The "leverage" concept argued that there is a single source of monopoly
pro_t, and that a bottleneck monopolist can earn the entire monopoly
pro_t without extending its market power to related segments (vertical
integration cannot increase pro_tability of merging _rms). For exam-
ple, a bottleneck holder faces a commitment problem similar to that of
a durable-good monopolist (see Coase's durable good analysis): once
it has contracted with a downstream _rm for access to its facility, it
is tempted to o_er access to other _rms as well (even if their competi-
tion to the other _rm will reduce monopolist's pro_ts). Nevertheless,
the positioning (downstream or upstream) of the _rm is not aleatory
and it has some important consequences on the monopolist's power. A
comparison between exclusive contracts and commitment problem lead
us to two major problems:
(a) upstream bottleneck's pro_t is smaller, the larger the number of
downstream _rms, and
(b) for a given number of downstream _rms, the upstream pro_t is
smaller, the more substitutable the downstream units.
The study of this problems lead the authors to derivate three major
policy implications:
(a) it is important whether the more competitive of two complemen-
tary sectors lies upstream or downstream (prices are lower if the
bottleneck owner lies upstream),
(b) non-discrimination laws may have a perverse e_ect of restoring the
monopoly power (when an upstream bottleneck practices foreclo-
sure by discrimination among competitors, o_ering to all com-
petitors the same commercial conditions forces bottleneck to sell
further units at the same high price, that helps it to commit),
(c) ECPR (e_cient component pricing rule) has scarce e_ect on un-
regulated markets. It is a partial rule that provides a link between
access and _nal prices (the higher the _nal price, the higher the
access price can be).
A simple example of (1 monopoly X 2 retailers) in a two-stage game
framework is built and we are reformulating the main results. Provided
that the vertical structure of industry's monopoly output is formed by:
Qm = argmax f(P(q) � c)qg
pm = P(Qm)
_m = (pm � c)Qm = [P(Qm)]2 � cQm:
The interaction between _rms is described in the following: PLAYER STAGE I STAGE II
U MC = c; (q1(T1)); (q2(T2))
D1 T1(_) MC = 0
Rev1 = q1P(q1 + q2)
D2 T2(_) MC = 0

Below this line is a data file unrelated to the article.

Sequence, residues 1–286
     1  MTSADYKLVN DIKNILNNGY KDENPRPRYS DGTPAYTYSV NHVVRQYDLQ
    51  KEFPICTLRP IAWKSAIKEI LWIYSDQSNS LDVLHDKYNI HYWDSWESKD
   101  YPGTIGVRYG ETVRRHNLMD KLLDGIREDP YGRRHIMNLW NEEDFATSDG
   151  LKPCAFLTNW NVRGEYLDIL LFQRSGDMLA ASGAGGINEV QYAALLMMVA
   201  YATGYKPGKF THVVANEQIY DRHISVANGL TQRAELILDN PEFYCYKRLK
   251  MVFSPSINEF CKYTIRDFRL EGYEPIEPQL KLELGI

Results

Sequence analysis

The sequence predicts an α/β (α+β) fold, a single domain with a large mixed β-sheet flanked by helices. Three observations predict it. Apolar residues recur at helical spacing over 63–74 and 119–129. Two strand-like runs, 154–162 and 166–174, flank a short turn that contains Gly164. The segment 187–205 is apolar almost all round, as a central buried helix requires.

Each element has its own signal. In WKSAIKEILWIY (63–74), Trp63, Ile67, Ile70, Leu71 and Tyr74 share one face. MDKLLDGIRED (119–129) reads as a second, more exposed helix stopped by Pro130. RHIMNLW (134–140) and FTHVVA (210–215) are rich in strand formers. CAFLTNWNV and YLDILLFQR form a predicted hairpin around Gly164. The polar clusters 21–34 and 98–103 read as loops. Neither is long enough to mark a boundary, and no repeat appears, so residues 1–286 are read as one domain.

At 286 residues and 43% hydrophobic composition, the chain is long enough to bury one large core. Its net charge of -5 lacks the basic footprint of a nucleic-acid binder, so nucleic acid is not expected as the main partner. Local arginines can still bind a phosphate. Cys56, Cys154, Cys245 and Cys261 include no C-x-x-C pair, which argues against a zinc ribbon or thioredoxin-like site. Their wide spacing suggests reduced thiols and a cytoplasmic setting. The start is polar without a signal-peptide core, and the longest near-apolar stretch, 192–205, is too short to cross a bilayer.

Rev2 = q2P(q1 + q2)
Consumer q = D(p); p = P(q)
Sub-cases related to observability hypothesis:
(a) Commitment, observability, credibility. Both tari_s T1; T2 o_ered
by U are observed by both D1 and D2.U exerts his full market
power such as to extract all Di's pro_t. Nevertheless, contract
may be secret or can be privately renegotiated. If we have the
following situation for instance:
q2 = Qm
2 ; T2 = pmQm
q1 = argmaxq fq [P(Qm=2 + q) � c]g = RCournot > Qm=2
with : P0 < 0;
Therefore there is an incentive to secretly contract between U and
(b) Secret contracts At the _rst stage U o_ers secret contracts to each
Di. The equilibrium is characterized by the Cournot quantities,
prices and pro_ts:
q1 = argmaxq f[P(q + q2) � c] qg = RCournot(q2); (8)q
q1 = q2 = qCournot = RCournot(qCournot) > Qm=2
p1 = p2 = pCournot = P(2qCournot) < pm
_U = (pCournot � c)2qCournot = 2_Cournot < _m
_D1 = _D2 = 0:
This result puts emphasis on the commitment problem faced by
the monopoly supplier (a credibility problem prevents him to gain
the monopoly outcome). In the case there are n downstream com-
petitors, the symmetric passive conjecture equilibrium is given by
q = RCournot((n � 1)q), where q is output per downstream _rm.
The commitment problem becomes more severe, the larger the
number of downstream _rms (increasing competition). Also, the
same result is reached if we allow for downstream product di_eren-
tiation. The retail prices are di_erent, respectively p1 = P1(q1; q2)
and p2 = P2(q1; q2) and the equilibrium of the overall game is
still a Cournot equilibrium (in which downstream _rms face a
marginal cost c). The result is that the ratio of Cournot industry
pro_t over monopoly pro_t increases with the degree of di_eren-